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Discussion Starter #1
http://www.modeltrainforum.com/showthread.php?t=7337

Looking at the diagram and have a couple questions. First I don't need a whistle as the ZW already has it. So I can eliminate that gang of diodes. If I am reading it correctly the switches are normally closed in this case routing power around the diode array. When pushed it breaks contact and directs the current over the diode array.

The why does the route with the switch have 1 diode in it? wouldn't that be rectifying the voltage at the point? Or is it about how many diodes are in series? I'm not clear on why you used so many diodes. I took your counsel on fixing my 4-4-2 and used a bridge rectifier and resistor with the LED and it worked great!

Also, this may be me but I saw more than one thread and I think in one you suggested 3 amp diodes and in the other 6 amp but the diagrams are the same. I assume that has something to do with stepping down the voltage. I would just get a bag of diodes and solder them and test them but my meter had a stroke last time I tried that. Something about feeding it DC piggyback while in AC range, it just couldn't handle it.

Wait a second, you ARE still sending AC because there is one diode on each side! Hmmm.

What if instead of feeding the main power directly through the unit at all times, you created a shunt from the power to the button and diode array and then back to the power line. Use an normally open switch, when closed it allows current to flow through the diode array sending the DC pulse but not interrupting the main current flow.

Code:
transformer-----------------------------------------------------center rail
                       |                                  |
                       |-----[diode array and switch]-----|
I hope that displays right on your monitor.

It seems to my unschooled eye that this is even simpler.

And is there a way to measure the DC pulse piggybacked on AC? Digital and analog meters are about the sum of my test equipment. And I haven't used the analog in ages.

Frank
 

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Yard Master & Research
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10,840 Posts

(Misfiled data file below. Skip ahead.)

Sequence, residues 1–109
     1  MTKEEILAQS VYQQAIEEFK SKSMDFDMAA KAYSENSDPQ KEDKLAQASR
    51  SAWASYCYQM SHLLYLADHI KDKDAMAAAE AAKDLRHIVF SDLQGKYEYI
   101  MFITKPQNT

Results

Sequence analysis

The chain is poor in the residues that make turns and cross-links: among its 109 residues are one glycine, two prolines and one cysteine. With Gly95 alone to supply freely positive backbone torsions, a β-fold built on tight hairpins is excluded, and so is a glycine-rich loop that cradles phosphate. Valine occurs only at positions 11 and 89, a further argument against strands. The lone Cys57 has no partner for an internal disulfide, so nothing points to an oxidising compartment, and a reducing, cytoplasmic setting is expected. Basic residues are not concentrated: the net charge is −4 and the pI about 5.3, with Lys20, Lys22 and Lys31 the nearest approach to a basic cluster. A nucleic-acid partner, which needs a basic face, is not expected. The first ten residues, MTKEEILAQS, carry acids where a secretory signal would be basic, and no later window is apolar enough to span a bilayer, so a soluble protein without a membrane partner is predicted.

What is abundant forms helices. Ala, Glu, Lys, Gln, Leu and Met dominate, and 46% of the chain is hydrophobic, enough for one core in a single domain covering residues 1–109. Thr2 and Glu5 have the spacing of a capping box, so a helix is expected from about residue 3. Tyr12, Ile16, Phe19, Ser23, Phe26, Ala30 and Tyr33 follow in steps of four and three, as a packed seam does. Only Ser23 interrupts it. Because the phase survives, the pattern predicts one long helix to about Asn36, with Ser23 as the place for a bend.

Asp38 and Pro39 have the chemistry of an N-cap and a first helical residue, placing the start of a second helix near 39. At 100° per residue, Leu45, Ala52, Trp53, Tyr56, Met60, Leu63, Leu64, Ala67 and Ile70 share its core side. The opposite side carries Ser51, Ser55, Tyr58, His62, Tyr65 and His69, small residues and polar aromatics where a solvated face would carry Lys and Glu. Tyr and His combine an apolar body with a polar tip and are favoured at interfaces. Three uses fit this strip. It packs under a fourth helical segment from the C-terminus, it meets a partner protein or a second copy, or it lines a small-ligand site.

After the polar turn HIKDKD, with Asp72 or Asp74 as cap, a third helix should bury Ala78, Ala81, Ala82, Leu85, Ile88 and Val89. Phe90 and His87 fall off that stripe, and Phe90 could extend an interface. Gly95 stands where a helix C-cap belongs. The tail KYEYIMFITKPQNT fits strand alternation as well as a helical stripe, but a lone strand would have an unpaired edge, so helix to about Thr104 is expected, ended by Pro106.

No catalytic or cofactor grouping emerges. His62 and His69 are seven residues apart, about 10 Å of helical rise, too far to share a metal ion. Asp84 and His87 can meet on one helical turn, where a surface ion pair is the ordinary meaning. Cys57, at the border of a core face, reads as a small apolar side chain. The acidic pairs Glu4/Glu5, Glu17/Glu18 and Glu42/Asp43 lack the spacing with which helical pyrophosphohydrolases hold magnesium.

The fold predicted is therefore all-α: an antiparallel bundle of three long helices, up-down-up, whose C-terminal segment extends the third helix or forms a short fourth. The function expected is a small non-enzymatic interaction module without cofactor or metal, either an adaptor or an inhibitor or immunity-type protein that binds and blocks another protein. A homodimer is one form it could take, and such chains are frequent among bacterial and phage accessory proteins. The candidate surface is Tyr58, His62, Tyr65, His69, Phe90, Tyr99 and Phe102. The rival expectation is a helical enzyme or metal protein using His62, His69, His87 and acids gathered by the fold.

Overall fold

I originally saw this in another forum. We had so much interest that Gunrunner built one. I have never got to the point to understand it or build one. Somehow it has to pass 3 volts or so of DC to make the horn or whistle work along with the normal track power.

After looking at the picture in your link, I would say the AC is dioded to two DC's and then joined again to form an AC current. The switch bypasses a group of diodes causing a deficient DC of one direction. (.7 drop per diode) At the output this off reading is the DC for the sound.

That makes sense to me now.

My other suggestion is to read all the threads concerned. Use the tag search words at the bottom of the post for starters.

Using diodes makes it more reliable than the discs used in older transformers.
 

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Railroad Tycoon
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24,336 Posts
You have Johns name in the title.

You would think he would have answered? :dunno:
 

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Admin
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I did answer, I don't know what happened to my reply! :confused:

The answer is, you can't remove any of the diodes. If you don't want both buttons, the only thing you can really remove is the button. The diode strings are necessary to properly pass the AC when the function is not being used.
 

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Railroad Tycoon
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24,336 Posts
I did answer, I don't know what happened to my reply! :confused:

The answer is, you can't remove any of the diodes. If you don't want both buttons, the only thing you can really remove is the button. The diode strings are necessary to properly pass the AC when the function is not being used.

Maybe you forgot to hit submit?
Sometimes I do that, then 5 mins later I notice that it is not showing.

I then use the back arrow till I find it and then hit submit.
It helps to hit submit. :p:eek:

Not to say that you didn't. :smokin:
 
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